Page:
In 2009 CV2 collaborated with The Muses’ Company to hold a new contest called “Show Me the Book.” Michelle Elrick’s manuscript To Speak won First Prize in that contest. Part of the prize was a feature interview in CV2, excerpted below.
Clarise Foster: In 2009, CV2 decided to hold a new kind of contest. We partnered up with The Muses’ Company — where I am the poetry editor — and “Show Me the Book” was born. The gist of the rules was that contestants submitted an unpublished poetry manuscript for consideration. First prize was a book contract, $400 and a one-of-a-kind silver pendant. You won. Had you sent your manuscript out to publishers before entering “Show Me the Book”?
Michelle Elrick: I was in the process of researching publishers, looking for the right place to send my manuscript. The Muses’ Company was on my list as a publisher that might be a good fit for my collection, yet I hadn’t sent it to them or anyone else. When I found out about the contest and its connection to a publisher I was already considering, the decision was easy. I sent it in and waited.
CF: Why did you enter the contest? The contest required a fee, while sending it out to book publishers does not. At the time, what advantage did you think entering a contest offered you that the regular submission process to poetry publishers did not?
ME: Since The Muses’ Company already seemed to be a good fit for my poetry, the contest appealed to me immediately. I was attracted by the shortened publishing process — I knew that finding the right publisher could take forever and even after acceptance, books often don’t launch for another two years. I was eager to have my manuscript out of my hands and into the world, and eager to enter the next stage of professional writing. I wasn’t too caught up with the prize money; rather, I saw the book contract as supremely valuable in that it could take me where I wanted to be. Yet perhaps what appealed to me most about the contest was that it guaranteed that my manuscript was going to be read by someone. I was confident that I had a strong collection and just wanted someone to take the time to read it. Paying the small entry fee ensured the judge would read my collection cover to cover.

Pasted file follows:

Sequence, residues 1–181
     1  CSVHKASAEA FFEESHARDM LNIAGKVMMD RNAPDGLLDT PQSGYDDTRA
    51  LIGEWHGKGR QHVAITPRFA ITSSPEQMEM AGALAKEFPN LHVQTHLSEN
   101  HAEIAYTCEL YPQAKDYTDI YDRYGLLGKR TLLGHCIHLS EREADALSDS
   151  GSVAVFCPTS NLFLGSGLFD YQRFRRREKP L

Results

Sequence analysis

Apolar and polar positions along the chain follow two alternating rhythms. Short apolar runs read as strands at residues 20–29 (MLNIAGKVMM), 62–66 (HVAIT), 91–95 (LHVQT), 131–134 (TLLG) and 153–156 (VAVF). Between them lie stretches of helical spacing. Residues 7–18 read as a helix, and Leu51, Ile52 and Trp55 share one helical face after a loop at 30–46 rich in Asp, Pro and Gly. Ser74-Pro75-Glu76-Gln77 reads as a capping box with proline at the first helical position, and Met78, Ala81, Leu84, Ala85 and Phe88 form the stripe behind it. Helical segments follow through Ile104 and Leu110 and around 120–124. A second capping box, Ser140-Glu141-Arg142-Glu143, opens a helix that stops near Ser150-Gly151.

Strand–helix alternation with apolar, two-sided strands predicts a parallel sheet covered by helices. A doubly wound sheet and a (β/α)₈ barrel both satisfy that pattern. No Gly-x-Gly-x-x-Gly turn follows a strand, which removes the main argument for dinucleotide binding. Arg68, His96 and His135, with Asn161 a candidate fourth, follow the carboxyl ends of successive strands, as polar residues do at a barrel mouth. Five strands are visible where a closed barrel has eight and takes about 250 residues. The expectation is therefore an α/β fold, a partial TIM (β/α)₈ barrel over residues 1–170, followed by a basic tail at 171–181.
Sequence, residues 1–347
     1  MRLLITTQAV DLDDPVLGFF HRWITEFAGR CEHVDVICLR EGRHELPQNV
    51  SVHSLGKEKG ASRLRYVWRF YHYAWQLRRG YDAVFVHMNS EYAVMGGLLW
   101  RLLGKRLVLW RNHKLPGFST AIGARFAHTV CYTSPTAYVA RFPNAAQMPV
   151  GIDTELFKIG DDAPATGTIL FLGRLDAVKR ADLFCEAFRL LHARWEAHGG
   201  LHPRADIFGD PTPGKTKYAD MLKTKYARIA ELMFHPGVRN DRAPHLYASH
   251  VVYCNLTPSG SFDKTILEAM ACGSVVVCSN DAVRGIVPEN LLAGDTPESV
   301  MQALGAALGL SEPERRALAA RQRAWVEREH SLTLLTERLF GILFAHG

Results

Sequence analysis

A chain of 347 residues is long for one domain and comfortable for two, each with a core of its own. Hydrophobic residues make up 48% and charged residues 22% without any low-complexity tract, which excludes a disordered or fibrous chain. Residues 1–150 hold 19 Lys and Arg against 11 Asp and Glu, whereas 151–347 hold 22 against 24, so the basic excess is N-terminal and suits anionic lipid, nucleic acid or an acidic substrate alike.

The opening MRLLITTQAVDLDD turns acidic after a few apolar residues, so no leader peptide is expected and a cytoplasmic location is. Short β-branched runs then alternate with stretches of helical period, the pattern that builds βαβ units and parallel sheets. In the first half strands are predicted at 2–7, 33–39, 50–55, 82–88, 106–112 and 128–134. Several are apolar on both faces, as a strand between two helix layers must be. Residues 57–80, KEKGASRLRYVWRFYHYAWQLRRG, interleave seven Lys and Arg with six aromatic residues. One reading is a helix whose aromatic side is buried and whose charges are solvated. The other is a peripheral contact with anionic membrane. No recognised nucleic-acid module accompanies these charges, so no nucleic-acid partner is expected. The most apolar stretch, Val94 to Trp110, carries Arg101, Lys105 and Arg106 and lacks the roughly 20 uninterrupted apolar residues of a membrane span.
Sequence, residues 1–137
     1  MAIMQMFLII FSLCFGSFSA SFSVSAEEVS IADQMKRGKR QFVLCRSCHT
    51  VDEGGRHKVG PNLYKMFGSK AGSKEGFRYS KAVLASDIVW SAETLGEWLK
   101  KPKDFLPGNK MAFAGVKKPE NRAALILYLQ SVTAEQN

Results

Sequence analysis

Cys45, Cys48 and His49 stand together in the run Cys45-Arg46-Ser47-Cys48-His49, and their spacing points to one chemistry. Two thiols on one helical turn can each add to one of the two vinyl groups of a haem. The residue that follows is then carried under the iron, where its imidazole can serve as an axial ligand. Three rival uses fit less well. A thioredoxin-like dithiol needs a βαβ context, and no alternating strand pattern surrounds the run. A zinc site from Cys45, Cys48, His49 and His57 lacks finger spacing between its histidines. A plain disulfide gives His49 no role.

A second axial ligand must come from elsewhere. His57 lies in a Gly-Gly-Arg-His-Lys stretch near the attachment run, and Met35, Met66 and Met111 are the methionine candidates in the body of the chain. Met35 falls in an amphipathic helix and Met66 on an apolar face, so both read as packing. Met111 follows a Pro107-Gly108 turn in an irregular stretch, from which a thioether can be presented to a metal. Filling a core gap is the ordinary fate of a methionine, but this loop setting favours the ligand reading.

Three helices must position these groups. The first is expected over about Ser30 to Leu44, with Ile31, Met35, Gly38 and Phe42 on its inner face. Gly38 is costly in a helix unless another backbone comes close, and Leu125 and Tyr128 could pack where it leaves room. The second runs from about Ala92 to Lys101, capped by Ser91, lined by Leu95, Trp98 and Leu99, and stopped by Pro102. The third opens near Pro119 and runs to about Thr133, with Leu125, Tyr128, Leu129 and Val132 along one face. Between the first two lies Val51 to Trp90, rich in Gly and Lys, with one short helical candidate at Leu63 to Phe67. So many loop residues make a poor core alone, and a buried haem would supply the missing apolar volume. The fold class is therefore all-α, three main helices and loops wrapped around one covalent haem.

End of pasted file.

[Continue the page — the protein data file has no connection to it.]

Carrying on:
CF: Your winning manuscript, To Speak, is your first book of poetry. It was a fairly cohesive collection by the time I saw it. What had been your publishing experience before the contest?
ME: I had only published a handful of poems in literary journals prior to entering. I had published a few non-fiction articles in various papers and magazines, and in my early days as a writer I had self-published five zines (photocopied, hand-bound publications) which I gave away or traded with friends.
One of the things that contributed to the cohesiveness of my manuscript was careful reading and vigorous critique from my writing group in Vancouver, as well as from three Winnipeg poets. These writers helped me see the strengths and weaknesses of the collection, and helped me identify the thematic trends, which eventually shaped the poems into a book.
CF: When did you first become interested in writing? You said that you self-published some of your work and gave it away to friends. It sounds like you were pretty motivated fairly early on. Where did the instinct to pursue writing come from?
ME: Writing — communication through written language — is a mystery to me. It is a slowed-down version of speech, only the speaker is deaf and blind to any audience. It is a broken conversation. It is the evasion of rebuttal. It is, essentially, a monologue spoken into a tin can.
When I wrote the early zines, it was in order to participate in the arts community in my hometown of Abbotsford, British Columbia. I was just out of high school and meeting artists for the first time. During this time I began to read my poems in public, often between music acts at small venues downtown. People responded well to my writing and I realized that I had an audience — a conversation partner.
The longer I write, the more aware I become of its mysterious power to focus my mind on an idea, following that idea along branches of metaphor, image, description, characterization, etc., to the eventual discovery of something I did not know before. It is a synergy of imagination, musing and knowledge. I find it very exciting.
CF: At what point did you feel you were ready to seek out others to work more seriously on your writing, and how did you go about finding a group of people to work with?
ME: In 2005 I enrolled in The Writer’s Studio at Simon Fraser University, a creative writing certificate program with a workshop component. For the duration for the program, I worked with a small group of writers in critiquing each other’s work. After the program ended we continued to meet on a regular basis until 2007, when I moved to Winnipeg (they still meet regularly and I join in when I can). The Writer’s Studio was an excellent resource that offered me skills and understanding of the industry, which I needed in order to pursue writing seriously. As far as how I found it? It was an ad in The Georgia Strait.